The theory of truth and power explains the causal relationship between power and truth. As explained earlier, discourses are used to represent power which in turn represents truth to the society (Calhoun, Contemporary Sociological Theory, 2007). For instance, citizens exercise their power by electing their leaders.
The leader then exercises his or her power as a ruler and this power is accepted as legitimate. The acceptance of the power, thus, represents the constructed truth. Thus, the ruled tolerate class subordination since they believe in the truth embedded in the power exercised by the ruler.
The theory of culture industry illustrates the causal relationship between popular culture and false consciousness, domination and oppression. The popular culture creates false consciousness. The false consciousness perpetuates domination and oppression by pacifying the masses to accept their plight. In this context, it is false consciousness that causes acceptance of class subordination.
The theory of German ideology explains the causal relationships between social inequalities and tensions that are experienced in society (Calhoun, Classical Sociological Theory, 2007).
Revolutions and class conflicts are caused by inequality in the distribution of wealth and power; battle of ideas and false consciousness. According to the theory of German ideology, people (the oppressed) accept class subordination since they lack the means to overthrow the ruling or dominating class. Consequently, they resort to revolution as the only means to fight for their rights.
The conceptual qualities of the culture industry theory are concrete. In nearly all societies, we can verify that the popular culture has a great influence on how people perceive their social, cultural and economic conditions. The media is used by the ruling classes to justify their status.
The theory of truth and power is parsimonious since it can effectively predict behavior (Abrahams, 2006). For instance, the reaction of the society concerning a social phenomenon such as class subordination can be predicted through discourses that influence people’s perception of class structure.
The theory of German ideology is both generalizable and falsifiable. It is generalizable because in most societies, tensions or conflicts are caused by inequalities among social classes. However, the theory is falsifiable since social conflicts, in some cases, have always been resolved without revolutions.
The external validity of the theory of German ideology can be explained by empirical evidence. For example, lack of democracy and equitable distribution of resources led to class struggles in the Arab spring. Initially, the oppressed citizens had to accept class subordination since they lacked the means to fight for justice.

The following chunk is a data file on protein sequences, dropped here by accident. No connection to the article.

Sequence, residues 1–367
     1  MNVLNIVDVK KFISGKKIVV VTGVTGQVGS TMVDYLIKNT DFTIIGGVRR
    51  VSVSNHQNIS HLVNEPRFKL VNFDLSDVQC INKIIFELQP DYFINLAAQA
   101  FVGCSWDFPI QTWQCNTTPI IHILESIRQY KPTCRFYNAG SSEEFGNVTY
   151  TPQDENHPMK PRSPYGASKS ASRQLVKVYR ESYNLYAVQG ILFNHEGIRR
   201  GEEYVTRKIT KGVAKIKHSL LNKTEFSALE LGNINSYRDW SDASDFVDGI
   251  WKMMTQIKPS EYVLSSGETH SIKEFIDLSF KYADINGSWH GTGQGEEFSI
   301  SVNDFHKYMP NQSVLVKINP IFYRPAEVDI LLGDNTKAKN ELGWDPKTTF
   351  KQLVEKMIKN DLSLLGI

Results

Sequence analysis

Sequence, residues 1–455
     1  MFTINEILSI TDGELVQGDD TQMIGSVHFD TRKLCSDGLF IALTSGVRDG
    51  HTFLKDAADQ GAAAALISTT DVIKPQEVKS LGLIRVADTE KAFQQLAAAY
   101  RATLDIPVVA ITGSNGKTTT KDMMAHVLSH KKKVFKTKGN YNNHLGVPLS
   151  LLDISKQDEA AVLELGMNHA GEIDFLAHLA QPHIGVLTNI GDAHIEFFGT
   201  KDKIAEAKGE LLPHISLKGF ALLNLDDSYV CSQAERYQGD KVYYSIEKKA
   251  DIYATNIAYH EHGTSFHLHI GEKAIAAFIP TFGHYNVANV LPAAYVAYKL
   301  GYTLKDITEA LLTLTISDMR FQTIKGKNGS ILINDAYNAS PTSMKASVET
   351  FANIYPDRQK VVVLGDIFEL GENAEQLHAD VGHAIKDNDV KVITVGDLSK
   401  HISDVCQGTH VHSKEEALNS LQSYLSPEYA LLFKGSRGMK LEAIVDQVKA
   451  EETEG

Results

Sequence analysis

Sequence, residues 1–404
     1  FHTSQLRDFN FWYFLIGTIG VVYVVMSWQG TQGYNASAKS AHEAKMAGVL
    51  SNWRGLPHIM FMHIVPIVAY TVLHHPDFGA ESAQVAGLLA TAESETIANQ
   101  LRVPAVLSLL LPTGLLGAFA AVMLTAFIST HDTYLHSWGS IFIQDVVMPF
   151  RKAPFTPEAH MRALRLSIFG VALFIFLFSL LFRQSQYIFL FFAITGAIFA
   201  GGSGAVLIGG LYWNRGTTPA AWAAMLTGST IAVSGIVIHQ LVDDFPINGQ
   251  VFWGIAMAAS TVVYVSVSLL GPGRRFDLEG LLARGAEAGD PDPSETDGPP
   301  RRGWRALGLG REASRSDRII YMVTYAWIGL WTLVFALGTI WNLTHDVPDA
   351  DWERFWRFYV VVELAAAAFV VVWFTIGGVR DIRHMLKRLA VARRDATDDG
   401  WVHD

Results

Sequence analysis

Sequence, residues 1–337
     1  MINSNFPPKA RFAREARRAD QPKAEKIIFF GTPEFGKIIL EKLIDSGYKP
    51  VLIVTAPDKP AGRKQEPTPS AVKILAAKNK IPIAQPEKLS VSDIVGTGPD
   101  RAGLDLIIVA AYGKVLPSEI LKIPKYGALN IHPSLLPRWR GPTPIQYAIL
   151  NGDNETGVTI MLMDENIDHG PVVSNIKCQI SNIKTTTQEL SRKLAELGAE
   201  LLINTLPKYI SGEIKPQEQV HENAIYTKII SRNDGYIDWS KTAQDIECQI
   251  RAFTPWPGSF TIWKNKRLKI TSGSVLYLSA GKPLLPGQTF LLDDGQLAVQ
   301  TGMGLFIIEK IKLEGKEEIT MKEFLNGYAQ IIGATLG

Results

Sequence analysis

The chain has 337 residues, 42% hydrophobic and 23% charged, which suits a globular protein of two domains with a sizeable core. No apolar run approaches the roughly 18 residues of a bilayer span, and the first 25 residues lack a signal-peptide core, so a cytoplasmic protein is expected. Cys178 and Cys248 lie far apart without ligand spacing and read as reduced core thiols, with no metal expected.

Eventually, they revolted against the ruling class and achieved justice. The theory of culture industry is also externally valid (Abrahams, 2006). For example, the emergence of popular culture and modern technology has changed the purpose and style of modern entertainment. Most Hollywood movies are produced through computer-based graphics rather than actual acting and this discourages individual creativity. Besides, Hollywood is a profit driven entity that seeks to outperform its competitors (live performers).
The external validity of theory of truth and power can be explained by modern system of governance. The citizens in democratic countries use the constitution (discourse) to justify the privileges enjoyed by the leaders and the public. Thus, the subordinated class (the ruled) accepts their status due to the legitimacy of the power exercised by the rulers.
According to the theory of truth and power, people tolerate class subordination since they believe in the truth represented by the power exercised by the dominating classes.
The theory assumes equal distribution of power which facilitates acceptance of the truth it represents. However, power is not always equally distributed, and thus, power might not be accepted because it represents truth. In the context of the culture industry, class subordination is accepted due to false consciousness (Calhoun, Classical Sociological Theory, 2007).
The concrete and generalizable concepts of this theory make it suitable for explaining the persistence of class subordination. Finally, the theory of German ideology asserts that class subordination is accepted due to a lack of means to overthrow the dominating classes. However, through revolution, the subordinated class can achieve justice.
Abrahams, F. (2006). Contemporary Sociology. New York: McGraw-Hill.
Calhoun, C. (2007). Classical Sociological Theory. New York: Blackwell.
Calhoun, C. (2007). Contemporary Sociological Theory. New York: Blackwell.